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Clark, Greene mental health board: Free resources available to educators
Springfield News-Sun - 2/2/2021
Feb. 2—The Mental Health Recovery Board of Clark, Greene & Madison Counties is raising awareness of the mental health burden on educators during the COVID-19 pandemic and of the resources available to them during this year's National School Counseling Week.
National School Counseling Week runs from Monday to Friday and recognizes the unique contributions of school counselors in the United State's educational system, according to a statement from the MHRB. This year's theme is "School Counselors: All in the for all students."
"Those with school-aged children have undoubtedly depended on teachers and school counselors to help themselves, and their children, navigate this pandemic. Educators' resilience, creativity and compassion has been a model for all of us," Dr. Greta Mayer, CEO of the MHRB, said. "But their work doesn't come without a cost. Constant changes in rules and policies and the strain of adapting to virtual teaching and ongoing uncertainty can lead to burnout, deflation, anxiety and compassion fatigue. These are all real, serious concerns for people working in front-line occupations that we are trying to help address."
Finding mental health care can be a difficult process, Mayer said. Common barriers include navigating insurance benefits, finding a provider that accepts insurance, appointment wait times and whether the provider's treatment approach is appropriate for the need.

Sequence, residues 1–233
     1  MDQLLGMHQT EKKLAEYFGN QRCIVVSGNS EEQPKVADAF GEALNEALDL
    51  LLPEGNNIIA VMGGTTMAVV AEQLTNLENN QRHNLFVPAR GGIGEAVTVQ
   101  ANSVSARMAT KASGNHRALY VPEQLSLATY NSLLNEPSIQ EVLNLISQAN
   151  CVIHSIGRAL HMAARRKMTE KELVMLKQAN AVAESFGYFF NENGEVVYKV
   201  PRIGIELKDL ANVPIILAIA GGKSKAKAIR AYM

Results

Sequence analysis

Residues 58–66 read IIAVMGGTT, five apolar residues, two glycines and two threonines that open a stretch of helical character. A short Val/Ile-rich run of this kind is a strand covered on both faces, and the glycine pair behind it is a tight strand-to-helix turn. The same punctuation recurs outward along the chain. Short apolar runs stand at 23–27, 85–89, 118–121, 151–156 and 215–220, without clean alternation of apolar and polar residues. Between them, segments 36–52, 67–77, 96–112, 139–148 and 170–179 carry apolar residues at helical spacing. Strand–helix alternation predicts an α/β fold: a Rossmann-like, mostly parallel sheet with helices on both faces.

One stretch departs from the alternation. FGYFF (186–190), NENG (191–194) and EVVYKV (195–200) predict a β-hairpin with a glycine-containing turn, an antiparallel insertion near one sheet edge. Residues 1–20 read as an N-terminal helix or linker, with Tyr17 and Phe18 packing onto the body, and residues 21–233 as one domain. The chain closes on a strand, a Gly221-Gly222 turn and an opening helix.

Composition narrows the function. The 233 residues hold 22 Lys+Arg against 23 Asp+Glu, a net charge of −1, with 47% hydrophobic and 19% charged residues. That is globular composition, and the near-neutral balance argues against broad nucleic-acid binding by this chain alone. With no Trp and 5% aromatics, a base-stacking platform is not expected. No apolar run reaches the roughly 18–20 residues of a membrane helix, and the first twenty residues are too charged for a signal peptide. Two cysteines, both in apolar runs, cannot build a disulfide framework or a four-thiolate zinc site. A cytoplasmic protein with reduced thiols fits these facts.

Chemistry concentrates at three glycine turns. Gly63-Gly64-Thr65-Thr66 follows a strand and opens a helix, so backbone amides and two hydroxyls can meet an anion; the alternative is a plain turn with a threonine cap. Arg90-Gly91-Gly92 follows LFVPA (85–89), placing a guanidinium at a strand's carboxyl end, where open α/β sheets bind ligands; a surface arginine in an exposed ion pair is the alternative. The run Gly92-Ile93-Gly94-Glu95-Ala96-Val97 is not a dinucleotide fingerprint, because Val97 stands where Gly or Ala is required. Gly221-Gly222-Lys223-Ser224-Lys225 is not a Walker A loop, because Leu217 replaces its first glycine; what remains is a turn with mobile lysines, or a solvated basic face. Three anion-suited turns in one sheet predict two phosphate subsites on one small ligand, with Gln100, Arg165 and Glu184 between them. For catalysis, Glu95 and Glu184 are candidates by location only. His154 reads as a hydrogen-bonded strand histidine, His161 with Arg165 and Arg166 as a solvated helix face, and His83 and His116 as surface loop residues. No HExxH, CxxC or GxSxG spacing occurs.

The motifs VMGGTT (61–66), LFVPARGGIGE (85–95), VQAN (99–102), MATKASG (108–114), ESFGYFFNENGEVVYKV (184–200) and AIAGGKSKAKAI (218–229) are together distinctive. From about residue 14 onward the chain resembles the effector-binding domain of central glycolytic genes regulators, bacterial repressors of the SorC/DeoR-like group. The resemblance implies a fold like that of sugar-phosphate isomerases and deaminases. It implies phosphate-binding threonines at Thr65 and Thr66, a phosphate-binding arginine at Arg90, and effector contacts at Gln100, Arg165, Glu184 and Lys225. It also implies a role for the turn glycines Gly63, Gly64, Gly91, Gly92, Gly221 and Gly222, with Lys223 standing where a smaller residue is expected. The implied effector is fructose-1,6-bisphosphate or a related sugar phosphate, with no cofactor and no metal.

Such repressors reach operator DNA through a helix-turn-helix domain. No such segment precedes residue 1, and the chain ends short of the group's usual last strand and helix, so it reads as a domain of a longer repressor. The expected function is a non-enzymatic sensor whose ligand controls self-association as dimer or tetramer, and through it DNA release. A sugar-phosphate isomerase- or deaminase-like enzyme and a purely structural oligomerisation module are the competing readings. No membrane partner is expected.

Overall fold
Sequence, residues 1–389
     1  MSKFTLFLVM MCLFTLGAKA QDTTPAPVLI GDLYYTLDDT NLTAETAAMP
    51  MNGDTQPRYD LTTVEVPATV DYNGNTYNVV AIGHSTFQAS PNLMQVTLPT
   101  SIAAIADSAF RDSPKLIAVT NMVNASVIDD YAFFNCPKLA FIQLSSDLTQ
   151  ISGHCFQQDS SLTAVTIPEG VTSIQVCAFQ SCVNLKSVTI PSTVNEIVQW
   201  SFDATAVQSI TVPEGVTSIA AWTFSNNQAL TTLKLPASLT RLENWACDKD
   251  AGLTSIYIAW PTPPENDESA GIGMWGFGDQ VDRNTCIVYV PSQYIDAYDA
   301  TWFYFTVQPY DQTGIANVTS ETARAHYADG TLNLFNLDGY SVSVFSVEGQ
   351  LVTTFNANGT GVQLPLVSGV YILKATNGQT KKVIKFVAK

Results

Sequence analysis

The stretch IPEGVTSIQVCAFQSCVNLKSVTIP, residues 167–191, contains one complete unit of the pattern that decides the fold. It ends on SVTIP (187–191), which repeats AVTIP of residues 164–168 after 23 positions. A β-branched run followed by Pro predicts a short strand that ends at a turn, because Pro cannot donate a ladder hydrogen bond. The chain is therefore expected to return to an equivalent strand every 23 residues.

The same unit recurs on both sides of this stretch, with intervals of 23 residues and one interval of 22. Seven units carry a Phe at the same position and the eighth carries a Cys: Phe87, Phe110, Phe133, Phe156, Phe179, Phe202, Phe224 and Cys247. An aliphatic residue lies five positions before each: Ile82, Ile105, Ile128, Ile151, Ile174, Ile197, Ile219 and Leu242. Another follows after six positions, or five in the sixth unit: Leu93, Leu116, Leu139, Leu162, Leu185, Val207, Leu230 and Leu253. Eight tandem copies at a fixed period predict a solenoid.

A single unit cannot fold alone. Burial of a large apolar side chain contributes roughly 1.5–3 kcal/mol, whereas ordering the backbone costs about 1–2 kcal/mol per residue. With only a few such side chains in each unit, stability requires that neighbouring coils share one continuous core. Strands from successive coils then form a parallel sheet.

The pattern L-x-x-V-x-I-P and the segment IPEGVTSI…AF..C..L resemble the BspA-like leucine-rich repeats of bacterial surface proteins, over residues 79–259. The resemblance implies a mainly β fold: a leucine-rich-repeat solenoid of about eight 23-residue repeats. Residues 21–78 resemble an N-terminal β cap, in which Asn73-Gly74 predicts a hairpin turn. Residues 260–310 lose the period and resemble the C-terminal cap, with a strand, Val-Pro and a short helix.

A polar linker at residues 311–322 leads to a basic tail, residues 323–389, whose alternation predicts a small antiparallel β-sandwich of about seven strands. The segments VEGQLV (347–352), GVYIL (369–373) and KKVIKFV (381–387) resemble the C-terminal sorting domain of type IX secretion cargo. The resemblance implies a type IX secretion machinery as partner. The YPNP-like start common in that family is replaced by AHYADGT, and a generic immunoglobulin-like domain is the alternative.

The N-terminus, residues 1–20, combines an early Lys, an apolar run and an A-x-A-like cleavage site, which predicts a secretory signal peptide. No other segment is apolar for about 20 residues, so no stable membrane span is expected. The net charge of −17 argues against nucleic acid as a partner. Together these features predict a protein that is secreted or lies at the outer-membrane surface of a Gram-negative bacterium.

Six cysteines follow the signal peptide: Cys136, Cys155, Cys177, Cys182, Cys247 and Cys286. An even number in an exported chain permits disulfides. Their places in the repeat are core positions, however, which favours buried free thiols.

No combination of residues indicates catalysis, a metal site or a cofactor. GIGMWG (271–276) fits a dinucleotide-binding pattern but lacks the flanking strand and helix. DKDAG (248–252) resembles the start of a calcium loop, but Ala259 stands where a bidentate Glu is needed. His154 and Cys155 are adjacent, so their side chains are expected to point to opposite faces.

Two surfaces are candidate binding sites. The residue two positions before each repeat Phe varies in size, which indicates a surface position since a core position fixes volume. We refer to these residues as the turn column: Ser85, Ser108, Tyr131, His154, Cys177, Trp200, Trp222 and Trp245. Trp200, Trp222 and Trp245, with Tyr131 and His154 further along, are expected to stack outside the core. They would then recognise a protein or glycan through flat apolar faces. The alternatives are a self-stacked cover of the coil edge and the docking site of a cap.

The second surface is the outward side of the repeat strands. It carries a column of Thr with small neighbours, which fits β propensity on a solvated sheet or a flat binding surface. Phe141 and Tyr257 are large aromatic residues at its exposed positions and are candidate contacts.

That's why the MHRB created the Responder Resilience Program last year to help front-line workers, like educators, to overcome some of these obstacles.
The Responder Resilience Program is designed to cut out much of the heavy lifting when it comes to finding mental health care. The only action needed to get help is calling the program number and answering a short questionnaire about patient preferences, like which times during the day are best for an appointment and where they'd like to meet their provider.
The first three-sessions with a care provider are free, and if a patient wants to continue treatment, MHRB assists them in finding long-term care that meets their budget and needs.
"Our goal is not to tell educators they have one more thing to add to their to-do lists, but to make accessing the care they want or need as easy as possible," Mayer said. "COVID-19 has taught us how health and wellbeing are precious resources. Educators may be so focused on the engagement and learning of young people entrusted to them, that safeguards for their own health and wellbeing go by the wayside. Our leaders, teachers and school counselors are selfless, always 'all in' for their students and MHRB is 'all in' to safeguard their resilience, creativity and compassion."
For more information about who qualifies for the Responder Resilience Program, and how to access free mental health care, residents can contact the program by calling 937-727-4097 between 8 a.m. and 5 p.m. Monday through Friday.
If you are in crisis and need immediate mental health support, residents are encouraged to contact the National Suicide Prevention Hotline at 800-273-8255 or text 4HOPE to 741-741 to reach the Crisis Text Line.
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